US v. Diaz-Ibarra: Diaz-Ibarra was deported in 1995 following his conviction in Georgia for committing an "immoral or indecent act to or in the presence of a" minor. After returning to the United States without permission, Diaz-Ibarra pleaded guilty to illegal reentry following an aggravated felony. At sentencing, the probation officer recommended that Diaz-Ibarra's sentence be increased 16 levels because his Georgia conviction constituted a crime of violence under USSG 2L1.2(b)(1)(A)(ii). The district court overruled Diaz-Ibarra's objection and applied the enhancement, sentencing him to 78 months in prison.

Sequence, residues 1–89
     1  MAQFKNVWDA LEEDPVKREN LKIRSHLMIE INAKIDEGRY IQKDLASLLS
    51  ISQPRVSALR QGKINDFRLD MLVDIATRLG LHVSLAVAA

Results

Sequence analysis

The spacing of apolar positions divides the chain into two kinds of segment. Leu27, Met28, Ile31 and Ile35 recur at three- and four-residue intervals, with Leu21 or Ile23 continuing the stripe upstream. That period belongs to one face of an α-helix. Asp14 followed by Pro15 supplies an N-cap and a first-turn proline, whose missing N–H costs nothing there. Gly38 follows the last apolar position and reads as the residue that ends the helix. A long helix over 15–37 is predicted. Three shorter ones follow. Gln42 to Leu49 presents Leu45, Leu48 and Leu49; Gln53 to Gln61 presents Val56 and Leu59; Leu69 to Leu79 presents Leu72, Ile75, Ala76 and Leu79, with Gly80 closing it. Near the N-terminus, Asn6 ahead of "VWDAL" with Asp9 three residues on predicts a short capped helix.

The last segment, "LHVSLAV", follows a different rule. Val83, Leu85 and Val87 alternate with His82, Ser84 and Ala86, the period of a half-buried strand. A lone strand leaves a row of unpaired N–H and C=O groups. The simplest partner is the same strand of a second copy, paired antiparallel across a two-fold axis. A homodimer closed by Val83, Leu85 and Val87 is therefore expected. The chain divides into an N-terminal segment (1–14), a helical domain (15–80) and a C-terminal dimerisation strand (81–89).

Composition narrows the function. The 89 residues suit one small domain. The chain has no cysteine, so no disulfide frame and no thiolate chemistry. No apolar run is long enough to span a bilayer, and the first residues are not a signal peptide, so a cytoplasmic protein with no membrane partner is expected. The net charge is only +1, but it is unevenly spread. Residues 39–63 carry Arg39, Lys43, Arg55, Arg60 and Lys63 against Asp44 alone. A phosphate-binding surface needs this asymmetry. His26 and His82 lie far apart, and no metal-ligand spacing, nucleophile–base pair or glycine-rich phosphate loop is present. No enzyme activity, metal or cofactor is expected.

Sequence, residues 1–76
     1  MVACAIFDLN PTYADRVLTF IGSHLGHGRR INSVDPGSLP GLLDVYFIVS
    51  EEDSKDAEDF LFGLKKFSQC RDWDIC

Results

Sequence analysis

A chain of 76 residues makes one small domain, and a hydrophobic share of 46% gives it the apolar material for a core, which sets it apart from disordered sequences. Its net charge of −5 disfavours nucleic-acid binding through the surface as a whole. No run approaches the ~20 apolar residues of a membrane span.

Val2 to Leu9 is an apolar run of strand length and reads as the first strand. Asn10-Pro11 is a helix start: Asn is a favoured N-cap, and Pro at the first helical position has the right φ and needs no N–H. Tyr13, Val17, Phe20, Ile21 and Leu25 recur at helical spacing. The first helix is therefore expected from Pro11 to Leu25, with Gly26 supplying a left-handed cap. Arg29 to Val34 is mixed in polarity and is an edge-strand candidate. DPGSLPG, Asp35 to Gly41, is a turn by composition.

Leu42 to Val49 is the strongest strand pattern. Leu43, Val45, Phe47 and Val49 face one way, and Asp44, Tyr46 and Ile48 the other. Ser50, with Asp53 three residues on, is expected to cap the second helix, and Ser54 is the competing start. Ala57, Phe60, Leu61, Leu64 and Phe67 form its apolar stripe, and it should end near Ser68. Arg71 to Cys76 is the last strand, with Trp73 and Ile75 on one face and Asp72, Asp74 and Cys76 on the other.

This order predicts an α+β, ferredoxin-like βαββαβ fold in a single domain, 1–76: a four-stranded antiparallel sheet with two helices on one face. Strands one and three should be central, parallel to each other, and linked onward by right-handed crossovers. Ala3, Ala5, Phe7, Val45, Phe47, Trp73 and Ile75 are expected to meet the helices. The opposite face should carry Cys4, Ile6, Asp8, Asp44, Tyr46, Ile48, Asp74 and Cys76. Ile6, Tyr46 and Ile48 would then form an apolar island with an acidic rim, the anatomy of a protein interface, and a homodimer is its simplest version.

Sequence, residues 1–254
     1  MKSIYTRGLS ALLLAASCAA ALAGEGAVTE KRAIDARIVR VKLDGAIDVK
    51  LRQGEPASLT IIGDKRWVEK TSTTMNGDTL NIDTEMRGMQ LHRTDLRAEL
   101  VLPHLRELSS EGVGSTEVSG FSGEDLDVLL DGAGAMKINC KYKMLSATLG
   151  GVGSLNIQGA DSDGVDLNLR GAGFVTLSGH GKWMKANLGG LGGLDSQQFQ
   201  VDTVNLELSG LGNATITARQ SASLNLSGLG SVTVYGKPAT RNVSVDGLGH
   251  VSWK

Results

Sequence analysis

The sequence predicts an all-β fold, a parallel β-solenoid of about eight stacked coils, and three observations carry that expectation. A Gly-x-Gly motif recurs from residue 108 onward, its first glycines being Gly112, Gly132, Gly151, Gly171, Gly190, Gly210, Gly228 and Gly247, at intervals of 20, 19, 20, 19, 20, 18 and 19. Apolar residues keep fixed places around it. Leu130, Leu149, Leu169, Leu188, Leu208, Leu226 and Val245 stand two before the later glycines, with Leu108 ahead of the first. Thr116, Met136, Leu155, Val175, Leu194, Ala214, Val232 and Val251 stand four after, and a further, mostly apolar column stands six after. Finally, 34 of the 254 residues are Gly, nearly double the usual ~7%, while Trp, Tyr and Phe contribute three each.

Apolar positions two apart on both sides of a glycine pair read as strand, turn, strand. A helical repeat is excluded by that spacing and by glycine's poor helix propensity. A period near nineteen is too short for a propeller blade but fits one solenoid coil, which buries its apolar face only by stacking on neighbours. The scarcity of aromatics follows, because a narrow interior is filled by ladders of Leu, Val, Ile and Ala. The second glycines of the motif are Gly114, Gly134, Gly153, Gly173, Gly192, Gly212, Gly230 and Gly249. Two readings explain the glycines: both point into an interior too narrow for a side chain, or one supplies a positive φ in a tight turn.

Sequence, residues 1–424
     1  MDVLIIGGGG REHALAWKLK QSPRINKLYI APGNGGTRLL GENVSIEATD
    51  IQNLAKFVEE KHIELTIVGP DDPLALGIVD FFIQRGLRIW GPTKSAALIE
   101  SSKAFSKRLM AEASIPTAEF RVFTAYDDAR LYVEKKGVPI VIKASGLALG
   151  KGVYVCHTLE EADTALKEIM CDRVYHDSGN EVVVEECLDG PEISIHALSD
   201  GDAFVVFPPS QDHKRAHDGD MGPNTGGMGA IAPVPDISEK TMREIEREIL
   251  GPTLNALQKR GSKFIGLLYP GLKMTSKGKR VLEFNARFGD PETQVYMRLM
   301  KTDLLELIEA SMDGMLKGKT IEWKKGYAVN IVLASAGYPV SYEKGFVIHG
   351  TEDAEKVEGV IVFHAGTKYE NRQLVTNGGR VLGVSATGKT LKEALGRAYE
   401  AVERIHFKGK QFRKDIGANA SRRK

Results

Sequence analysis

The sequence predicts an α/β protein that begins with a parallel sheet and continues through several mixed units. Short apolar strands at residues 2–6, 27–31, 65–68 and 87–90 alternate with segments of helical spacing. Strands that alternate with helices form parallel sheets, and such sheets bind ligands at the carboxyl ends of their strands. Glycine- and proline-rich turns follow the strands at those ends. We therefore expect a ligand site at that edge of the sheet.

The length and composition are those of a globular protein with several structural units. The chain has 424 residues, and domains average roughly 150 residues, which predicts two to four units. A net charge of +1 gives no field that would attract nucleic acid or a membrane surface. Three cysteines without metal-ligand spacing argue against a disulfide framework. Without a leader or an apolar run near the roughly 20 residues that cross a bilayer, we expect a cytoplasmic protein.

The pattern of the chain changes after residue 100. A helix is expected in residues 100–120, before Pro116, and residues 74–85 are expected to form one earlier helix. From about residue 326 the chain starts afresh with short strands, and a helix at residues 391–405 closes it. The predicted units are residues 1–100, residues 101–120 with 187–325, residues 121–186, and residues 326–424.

On appeal, the Fourth Circuit affirmed, concluding that Diaz-Ibarra's prior conviction was a crime of violence. Specifically, "crime of violence" in 2L1.2 is defined as including "sexual abuse of a minor." Diaz-Ibarra conceded that his offense was "sexual" and involved a minor, but argued but it was not "abuse." Applying a definition of abuse that goes well beyond the common sense one, the court concluded that "abuse" included situations where there is no physical contact between the assailant and minor where the assailant intends to gratify himself sexually, regardless of the effect on the victim. Given that definition, Diaz-Ibarra's Georgia conviction constituted sexual abuse of a minor and, thus, a crime of violence.